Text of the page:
Note: If your ioniser isn’t configured correctly, you may get copper staining in your pool. This can be removed with a metal stain remover or, as a preventative measure, use a metal sequestrant.
Source: Swim University
If you want a pool that looks like a natural body of water and eliminates chemicals altogether, consider investing in a natural pool. This system uses two pools or zones, one for swimming and one for aquatic plants (also known as the biozone or regeneration area).
Instead of using chlorine, a natural pool uses aquatic plants, such as lilies and reeds, to replicate the way plants clean ponds in nature. As a result, the water is light and refreshing, without the irritation many get from salt, chlorine or other chemicals normally found in pools.
To filter your pool, a pump moves the water between the two zones, allowing the plants to use biological processes to filter out bacteria and algae. And unlike traditional pool pumps, the unit is low-voltage, which means it works slowly and uses far less energy.
The only downside is that you may need a large garden to make a natural pool work. However, if you live in the suburbs and space is an issue, a biofilter can do a similar job. It uses the same friendly bacteria to clean and sanitise your pool without disrupting your landscaping.
While natural pools are the most expensive pool system to set up, running costs are lower than chlorine or saltwater pools. That’s because the pool pump is more energy-efficient, which can save you hundreds every year, and you won’t need to keep adding chemicals to balance the water. Plus, natural pools require less cleaning. Regular backwashes and the use of a low-wattage pool robot will remove debris and biofilm (friendly bacteria that make your pool slippery).
If you like your pool water warm, freshwater pools can also be heated up to 26 degrees Celsius without affecting the ecosystem. For best results, choose an energy-efficient heat pump, solar heater or solar pool cover.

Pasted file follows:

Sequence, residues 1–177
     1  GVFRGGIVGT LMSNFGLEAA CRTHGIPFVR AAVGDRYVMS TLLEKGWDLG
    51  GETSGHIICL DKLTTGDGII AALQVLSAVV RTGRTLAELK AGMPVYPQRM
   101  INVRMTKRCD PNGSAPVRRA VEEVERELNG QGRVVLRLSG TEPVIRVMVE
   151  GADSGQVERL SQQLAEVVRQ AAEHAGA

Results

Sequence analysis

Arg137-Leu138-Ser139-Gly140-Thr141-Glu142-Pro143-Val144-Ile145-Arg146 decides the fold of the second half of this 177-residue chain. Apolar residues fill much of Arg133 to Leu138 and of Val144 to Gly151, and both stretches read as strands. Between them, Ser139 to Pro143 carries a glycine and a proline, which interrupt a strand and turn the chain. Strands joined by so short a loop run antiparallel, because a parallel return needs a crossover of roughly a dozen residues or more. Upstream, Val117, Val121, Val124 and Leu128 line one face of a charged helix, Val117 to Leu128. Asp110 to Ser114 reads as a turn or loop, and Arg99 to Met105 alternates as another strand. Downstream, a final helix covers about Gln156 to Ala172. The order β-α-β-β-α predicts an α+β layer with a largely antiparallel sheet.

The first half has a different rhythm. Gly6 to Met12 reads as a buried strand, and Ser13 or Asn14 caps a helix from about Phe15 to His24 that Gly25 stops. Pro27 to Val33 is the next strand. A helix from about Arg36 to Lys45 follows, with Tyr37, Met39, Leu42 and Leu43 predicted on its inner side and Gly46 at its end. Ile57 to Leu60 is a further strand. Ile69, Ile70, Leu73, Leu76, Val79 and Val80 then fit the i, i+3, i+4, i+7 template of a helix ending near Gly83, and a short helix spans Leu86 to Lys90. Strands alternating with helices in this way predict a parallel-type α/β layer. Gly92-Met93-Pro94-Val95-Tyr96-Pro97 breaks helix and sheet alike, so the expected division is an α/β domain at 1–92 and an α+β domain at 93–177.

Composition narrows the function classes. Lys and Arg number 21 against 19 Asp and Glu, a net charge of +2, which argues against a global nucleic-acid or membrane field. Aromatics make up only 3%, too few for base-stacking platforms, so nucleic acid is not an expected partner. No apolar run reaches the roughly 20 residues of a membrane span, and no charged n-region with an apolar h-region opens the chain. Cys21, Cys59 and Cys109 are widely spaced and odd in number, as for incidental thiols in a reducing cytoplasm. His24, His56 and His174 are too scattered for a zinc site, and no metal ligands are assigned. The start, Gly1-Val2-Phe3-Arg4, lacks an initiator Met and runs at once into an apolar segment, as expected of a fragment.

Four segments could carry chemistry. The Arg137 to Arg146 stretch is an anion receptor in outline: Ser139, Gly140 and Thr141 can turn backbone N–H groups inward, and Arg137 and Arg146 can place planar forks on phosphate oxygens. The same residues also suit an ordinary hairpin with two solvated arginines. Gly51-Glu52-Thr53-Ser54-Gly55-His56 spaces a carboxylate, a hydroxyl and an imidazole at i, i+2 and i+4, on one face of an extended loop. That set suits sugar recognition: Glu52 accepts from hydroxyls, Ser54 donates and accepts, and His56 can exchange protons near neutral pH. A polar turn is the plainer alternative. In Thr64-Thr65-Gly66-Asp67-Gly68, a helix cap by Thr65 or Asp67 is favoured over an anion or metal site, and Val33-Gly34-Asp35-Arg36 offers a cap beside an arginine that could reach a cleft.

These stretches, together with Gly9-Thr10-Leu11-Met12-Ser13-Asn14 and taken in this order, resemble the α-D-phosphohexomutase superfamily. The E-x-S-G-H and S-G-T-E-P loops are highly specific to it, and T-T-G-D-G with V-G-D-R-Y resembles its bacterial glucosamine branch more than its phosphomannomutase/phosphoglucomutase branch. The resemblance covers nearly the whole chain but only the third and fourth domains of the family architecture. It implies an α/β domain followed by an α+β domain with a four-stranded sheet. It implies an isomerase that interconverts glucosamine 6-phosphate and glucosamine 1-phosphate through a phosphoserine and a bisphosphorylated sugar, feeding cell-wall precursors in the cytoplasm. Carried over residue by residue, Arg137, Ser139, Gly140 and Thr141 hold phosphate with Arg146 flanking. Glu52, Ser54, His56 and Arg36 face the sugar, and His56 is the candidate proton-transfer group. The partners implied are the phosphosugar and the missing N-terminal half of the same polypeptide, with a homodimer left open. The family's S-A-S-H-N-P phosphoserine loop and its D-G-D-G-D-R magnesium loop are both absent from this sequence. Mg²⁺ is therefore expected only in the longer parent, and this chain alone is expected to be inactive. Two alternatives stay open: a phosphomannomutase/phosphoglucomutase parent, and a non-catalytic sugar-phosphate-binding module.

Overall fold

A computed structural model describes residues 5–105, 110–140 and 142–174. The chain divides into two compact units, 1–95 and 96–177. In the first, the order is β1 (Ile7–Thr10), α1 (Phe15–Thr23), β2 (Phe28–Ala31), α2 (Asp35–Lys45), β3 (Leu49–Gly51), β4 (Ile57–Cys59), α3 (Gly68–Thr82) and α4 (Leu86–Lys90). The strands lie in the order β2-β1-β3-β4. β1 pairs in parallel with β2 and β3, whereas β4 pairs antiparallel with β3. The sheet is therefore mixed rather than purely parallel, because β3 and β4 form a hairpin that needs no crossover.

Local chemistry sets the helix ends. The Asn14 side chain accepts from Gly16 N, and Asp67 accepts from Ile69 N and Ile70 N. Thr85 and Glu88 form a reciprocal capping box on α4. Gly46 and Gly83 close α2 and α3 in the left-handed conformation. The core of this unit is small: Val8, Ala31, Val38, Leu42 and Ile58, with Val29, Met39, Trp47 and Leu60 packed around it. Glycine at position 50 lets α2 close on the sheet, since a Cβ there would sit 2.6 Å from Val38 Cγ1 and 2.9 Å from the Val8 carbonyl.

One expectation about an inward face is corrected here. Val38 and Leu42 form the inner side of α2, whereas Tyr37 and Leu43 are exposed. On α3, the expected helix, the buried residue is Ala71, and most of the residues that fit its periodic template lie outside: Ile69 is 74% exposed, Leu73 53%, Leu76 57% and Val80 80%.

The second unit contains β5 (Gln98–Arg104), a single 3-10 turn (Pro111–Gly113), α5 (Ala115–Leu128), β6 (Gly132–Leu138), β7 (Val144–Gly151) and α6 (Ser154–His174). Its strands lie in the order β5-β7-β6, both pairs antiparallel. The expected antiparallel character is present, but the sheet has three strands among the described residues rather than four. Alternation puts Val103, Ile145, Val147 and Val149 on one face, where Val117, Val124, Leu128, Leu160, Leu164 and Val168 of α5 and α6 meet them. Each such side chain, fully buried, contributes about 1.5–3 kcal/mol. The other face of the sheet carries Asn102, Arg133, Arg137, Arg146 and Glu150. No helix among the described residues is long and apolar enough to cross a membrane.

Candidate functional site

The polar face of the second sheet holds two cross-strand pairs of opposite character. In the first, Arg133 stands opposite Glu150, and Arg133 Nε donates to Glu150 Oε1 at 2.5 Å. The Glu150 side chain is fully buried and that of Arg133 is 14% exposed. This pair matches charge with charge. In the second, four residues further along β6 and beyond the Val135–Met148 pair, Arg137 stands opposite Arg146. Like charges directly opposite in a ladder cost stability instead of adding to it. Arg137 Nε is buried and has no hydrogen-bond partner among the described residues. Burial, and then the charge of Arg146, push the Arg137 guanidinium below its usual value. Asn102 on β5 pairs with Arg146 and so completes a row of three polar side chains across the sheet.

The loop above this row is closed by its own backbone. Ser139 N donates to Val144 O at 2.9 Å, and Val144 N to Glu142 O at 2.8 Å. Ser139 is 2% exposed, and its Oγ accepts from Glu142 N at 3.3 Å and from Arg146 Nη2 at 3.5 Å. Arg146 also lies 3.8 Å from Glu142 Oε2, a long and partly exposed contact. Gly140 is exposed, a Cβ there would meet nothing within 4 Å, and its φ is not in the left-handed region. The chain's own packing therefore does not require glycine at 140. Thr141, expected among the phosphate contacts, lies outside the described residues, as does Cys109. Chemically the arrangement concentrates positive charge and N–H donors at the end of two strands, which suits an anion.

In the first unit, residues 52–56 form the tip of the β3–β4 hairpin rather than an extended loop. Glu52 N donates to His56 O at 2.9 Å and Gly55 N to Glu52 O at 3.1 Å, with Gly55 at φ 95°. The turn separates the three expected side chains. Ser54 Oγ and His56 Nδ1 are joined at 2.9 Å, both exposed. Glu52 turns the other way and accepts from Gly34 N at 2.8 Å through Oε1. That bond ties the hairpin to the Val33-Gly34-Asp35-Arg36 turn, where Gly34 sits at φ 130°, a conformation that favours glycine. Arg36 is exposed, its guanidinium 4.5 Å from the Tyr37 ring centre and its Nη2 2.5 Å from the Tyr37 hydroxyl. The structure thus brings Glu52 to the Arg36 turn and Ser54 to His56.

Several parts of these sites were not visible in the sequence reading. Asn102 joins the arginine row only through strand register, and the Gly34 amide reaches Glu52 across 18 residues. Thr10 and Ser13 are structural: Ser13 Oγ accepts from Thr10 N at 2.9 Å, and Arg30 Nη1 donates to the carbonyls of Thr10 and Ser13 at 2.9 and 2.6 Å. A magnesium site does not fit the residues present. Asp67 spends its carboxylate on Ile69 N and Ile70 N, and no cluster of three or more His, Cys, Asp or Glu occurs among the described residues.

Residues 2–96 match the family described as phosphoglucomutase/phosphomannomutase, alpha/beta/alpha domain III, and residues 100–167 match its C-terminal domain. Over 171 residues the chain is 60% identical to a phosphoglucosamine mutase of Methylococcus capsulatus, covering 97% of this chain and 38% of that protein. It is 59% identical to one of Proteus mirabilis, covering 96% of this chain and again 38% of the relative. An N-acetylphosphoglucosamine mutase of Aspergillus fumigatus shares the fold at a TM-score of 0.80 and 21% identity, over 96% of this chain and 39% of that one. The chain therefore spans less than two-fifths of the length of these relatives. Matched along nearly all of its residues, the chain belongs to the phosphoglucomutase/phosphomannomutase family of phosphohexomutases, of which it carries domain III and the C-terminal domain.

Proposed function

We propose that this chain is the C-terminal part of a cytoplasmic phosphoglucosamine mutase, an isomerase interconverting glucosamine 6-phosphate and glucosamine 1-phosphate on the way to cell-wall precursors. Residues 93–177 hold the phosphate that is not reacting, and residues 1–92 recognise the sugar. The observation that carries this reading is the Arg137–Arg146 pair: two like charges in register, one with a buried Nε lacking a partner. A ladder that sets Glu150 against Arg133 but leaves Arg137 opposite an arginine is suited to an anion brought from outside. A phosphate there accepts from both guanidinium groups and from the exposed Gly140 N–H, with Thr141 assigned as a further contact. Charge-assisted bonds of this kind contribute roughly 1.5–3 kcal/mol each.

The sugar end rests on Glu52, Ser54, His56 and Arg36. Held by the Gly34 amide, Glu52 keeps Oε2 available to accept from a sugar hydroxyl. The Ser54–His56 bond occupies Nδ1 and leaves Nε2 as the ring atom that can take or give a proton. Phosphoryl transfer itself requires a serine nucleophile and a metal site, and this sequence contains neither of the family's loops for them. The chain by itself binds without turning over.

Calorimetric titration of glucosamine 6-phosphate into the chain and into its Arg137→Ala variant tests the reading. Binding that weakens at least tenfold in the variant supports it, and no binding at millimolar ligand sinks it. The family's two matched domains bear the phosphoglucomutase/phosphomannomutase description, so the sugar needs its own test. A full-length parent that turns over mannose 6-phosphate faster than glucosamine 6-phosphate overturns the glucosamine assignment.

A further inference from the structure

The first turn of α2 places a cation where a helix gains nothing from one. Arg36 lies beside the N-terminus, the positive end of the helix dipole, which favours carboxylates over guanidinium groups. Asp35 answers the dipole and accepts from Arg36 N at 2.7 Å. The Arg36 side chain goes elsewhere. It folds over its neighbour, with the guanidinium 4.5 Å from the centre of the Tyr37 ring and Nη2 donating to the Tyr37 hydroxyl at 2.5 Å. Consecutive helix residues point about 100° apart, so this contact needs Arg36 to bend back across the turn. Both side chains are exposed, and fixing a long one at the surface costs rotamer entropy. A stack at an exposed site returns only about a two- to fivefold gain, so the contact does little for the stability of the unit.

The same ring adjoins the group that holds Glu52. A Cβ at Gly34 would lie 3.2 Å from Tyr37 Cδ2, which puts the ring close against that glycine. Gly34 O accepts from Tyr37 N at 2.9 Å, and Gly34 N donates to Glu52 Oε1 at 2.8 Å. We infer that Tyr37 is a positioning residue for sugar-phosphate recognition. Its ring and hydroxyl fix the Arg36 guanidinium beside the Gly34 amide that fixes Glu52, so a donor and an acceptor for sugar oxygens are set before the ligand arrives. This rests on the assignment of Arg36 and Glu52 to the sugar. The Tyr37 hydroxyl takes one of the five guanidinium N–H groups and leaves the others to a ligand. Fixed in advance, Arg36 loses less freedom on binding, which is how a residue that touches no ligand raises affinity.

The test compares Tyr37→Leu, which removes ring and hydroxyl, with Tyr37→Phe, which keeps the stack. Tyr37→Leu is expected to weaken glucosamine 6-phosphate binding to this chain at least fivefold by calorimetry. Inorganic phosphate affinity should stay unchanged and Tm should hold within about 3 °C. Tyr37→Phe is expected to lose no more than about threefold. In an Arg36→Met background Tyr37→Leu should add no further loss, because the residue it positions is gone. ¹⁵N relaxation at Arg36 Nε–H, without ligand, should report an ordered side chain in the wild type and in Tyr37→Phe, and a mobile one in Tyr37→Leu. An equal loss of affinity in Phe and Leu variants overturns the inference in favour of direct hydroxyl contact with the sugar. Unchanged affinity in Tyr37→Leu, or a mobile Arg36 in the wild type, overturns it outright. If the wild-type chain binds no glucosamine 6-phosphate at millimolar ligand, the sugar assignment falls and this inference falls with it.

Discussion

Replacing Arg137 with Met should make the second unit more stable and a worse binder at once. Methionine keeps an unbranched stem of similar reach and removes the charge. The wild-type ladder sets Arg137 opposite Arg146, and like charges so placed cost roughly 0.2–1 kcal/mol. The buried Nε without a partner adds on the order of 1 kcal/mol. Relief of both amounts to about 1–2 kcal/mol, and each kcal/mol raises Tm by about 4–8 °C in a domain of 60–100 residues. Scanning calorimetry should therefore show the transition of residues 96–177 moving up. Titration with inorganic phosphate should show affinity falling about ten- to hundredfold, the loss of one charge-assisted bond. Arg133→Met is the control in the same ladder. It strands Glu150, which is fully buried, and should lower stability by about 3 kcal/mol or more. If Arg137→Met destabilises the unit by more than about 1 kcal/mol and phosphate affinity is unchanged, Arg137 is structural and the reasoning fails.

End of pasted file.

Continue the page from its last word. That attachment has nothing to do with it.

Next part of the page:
Source: Pool Research
All the pool sanitation systems mentioned in this article are safe, as long as you follow your manual for installation and maintenance. Plus, because most of these systems are self-regulating or automatic, sanitation levels remain within the correct range, keeping your pool free of harmful bacteria or algae. Not only is this safe for swimmers, but it’s also good for the health and longevity of your pool.
If you can’t afford an eco-friendly pool system just yet, don’t worry. Here are 14 ways you can reduce your chlorine pool’s energy and water consumption and make it more climate-friendly. Some of these tips have high setup costs, while others are free (see #8, #9, #12, #13 and #14). Either way, we recommend trying a few strategies at once. The more up implement, the more you save!
It’s no surprise that eco-friendly pools are growing in popularity in Australia. Not only do they reduce your carbon footprint, but they also save you hundreds in running costs every year. If you’re after an easy and affordable option, consider a saltwater or mineral pool. It’s easy to convert and you can always switch back if it doesn’t work for you. If you’ve got a generous budget and want to eliminate chlorine altogether, opt for a hybrid freshwater system or a natural pool.
For those who can’t afford these options (or who want to optimise their eco-pool), use the tips in the article to make your pool more sustainable, like using a pool cover, switching to a variable speed pump, turning off water features, closing your pool for winter and upgrading to LED lights.